Oops, they did it again. Biotechnology terrorists started another scare that didn't pan out.

The U.S. Centers for Disease Control and Prevention reported that no evidence could be found that Starlink corn is causing allergic reactions in people. Starlink is a type of biotech corn not approved for human consumption that was found in Taco Bell taco shells last September.

A coalition of anti-biotech groups demanded the taco shells "be immediately removed from grocery shelves across the country." Their mouthpiece, the Genetically Engineered Food Alert, claimed the corn contained a potential allergen that could cause nausea and anaphylactic shock in some people.

GEFA's alarmism, spread by a media apparently eager to believe the worst about biotech food, resulted in 28 individuals reporting allergic effects after consuming food products containing traces of Starlink.

Seventeen of the 28 individuals submitted blood samples to the CDC. Scientists from the U.S. Food and Drug Administration developed a test method for detecting antibodies to the Starlink corn protein, known as Cry9C. The blood tests failed to find signs of antibodies to Cry9C, indicating that none of those tested experienced allergic reactions to Starlink.

The results were not unexpected.

Concern about Cry9C stemmed from laboratory experiments reporting that the protein digests more slowly in a "simulated gastric environment" — minutes rather than seconds. Such resistance to digestion is sometimes, but not always, correlated with allergenic activity, according to food allergen experts. Cry9C is not otherwise known to be an allergen.

Experts doubted that Cry9C would be an allergen because it's not derived from a source containing any known allergens, its protein sequence does not resemble other known allergens and none of the other biotech corn proteins are allergens.

Regardless of Cry9C's allergenic potential, the protein is not likely to become an actual human allergen because humans have not been significantly exposed to Starlink corn — even allowing for the possibility of a small amount inadvertently appearing in human food.

Before an allergic reaction can occur, a person who is genetically predisposed to food allergies must consume a sufficient — not just any — amount of an allergen. During digestion, the susceptible person's body produces antibodies to the food allergen — but there is no allergic reaction upon initial exposure. It would take another subsequent exposure — at least weeks, if not months later — before enough antibodies exist to trigger an actual allergic reaction.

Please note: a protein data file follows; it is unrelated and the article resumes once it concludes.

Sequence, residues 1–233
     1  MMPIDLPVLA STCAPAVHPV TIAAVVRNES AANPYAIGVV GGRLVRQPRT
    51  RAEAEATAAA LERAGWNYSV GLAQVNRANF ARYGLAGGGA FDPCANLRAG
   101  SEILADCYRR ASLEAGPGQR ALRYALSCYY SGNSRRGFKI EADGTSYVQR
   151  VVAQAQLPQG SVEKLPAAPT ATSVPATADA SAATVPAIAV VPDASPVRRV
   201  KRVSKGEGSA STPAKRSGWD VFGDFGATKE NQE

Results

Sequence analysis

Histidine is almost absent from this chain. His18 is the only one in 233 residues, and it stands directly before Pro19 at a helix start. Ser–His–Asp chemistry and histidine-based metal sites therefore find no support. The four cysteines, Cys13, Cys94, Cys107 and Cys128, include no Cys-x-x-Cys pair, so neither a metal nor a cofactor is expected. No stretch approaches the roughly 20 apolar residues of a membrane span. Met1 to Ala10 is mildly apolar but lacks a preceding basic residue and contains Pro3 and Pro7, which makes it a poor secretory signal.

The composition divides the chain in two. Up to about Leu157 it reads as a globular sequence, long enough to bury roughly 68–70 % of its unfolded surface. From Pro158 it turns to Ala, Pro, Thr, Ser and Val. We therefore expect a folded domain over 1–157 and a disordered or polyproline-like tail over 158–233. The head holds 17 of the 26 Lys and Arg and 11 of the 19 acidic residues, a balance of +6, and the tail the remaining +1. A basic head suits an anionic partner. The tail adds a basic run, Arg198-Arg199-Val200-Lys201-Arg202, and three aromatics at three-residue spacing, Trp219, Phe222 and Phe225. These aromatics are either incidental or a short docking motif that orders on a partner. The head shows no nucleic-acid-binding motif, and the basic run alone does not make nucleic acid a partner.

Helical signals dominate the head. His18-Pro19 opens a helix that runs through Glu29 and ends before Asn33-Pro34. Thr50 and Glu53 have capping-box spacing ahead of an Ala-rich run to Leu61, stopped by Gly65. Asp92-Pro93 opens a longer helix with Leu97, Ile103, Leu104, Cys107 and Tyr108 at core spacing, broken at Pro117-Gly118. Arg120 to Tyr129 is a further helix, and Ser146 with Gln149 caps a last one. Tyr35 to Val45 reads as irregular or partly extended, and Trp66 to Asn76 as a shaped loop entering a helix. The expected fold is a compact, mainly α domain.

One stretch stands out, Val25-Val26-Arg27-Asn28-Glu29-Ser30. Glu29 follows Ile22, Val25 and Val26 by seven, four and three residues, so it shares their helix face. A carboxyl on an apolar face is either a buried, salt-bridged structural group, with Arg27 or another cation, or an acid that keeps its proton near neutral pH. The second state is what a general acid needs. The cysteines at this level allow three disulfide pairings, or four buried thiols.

Sadly, none of this seems to matter to the anti-technology activists and their dupes.

The anti-biotechnology Environmental Defense Fund said the CDC sample was too small to be meaningful and that more people need to be tested.

But the CDC considered all the people that claimed to have had allergic responses. Should the CDC now engage in a wild goose chase scrutinizing millions of blood samples in search for a condition that does not exist in the most likely candidates?

One of the individuals tested, 35-year-old Grace Booth, claimed she experienced anaphylactic shock after eating an enchilada. "Frankly, I don't trust the tests ... I still feel like I haven't gotten to the bottom of this, and very much want to do that," she said.

Certainly the CDC acknowledged that it could not completely rule out the possibility that Starlink corn was associated with an allergenic response because food allergies may occur without detectable antibodies. But on the other hand, there was no evidence that the allergenic response claimed by Booth was even food-related, let alone associated with Starlink.

This is the second major biotech corn scare to wind up in the scrap heap.

In March 1999 and in August 2000, the media trumpeted alarmist results from two laboratory studies reporting "Bt" biotech corn pollen might harm Monarch butterfly larvae. Headlines such as "High-tech Corn Killing Butterflies" and "New Study Confirms Genetic Corn Kills Butterflies" appeared in newspapers around the world.

In response to the study and headlines, teams from universities and the U.S. Department of Agriculture conducted field research on Bt corn and Monarch butterflies. They reported last November that pollen levels in Bt cornfields weren't high enough to harm the Monarch caterpillars that might be feeding on milkweeds there.

The researchers found Monarch larvae actually fared better inside Bt cornfields than in natural areas, apparently because there is less pressure from predators in the cornfield. Monarchs also did much better in Bt cornfields than other cornfields because insecticides are not used in Bt cornfields.

Another important finding was that most Monarch larva development occurs before or after corn plants shed their pollen. So most Monarch caterpillars have limited exposure to pollen. Those present during pollination almost always encounter harmless doses. Purdue University's Dr. Eldon Ortman concluded that the Bt corn-Monarch butterfly scare "is not a very big issue."

The regulatory and agricultural industry gaps that inadvertently allowed a small amount of Starlink to enter the human food chain have been plugged. Biotech products will not be approved for any use unless government regulators for human consumption certify them.

Still, it would be naïve to think this is the last time anti-biotech activists start a food scare.

On the bright side, though, we should take comfort in the activists' consistency. That is,  they've been consistently wrong.

Steven Milloy is the publisher of  JunkScience.com, an adjunct scholar at the Cato Institute and the author of the upcoming book Junk Science Judo: Self-defense Against Health Scares and Scams (Cato Institute, 2001).

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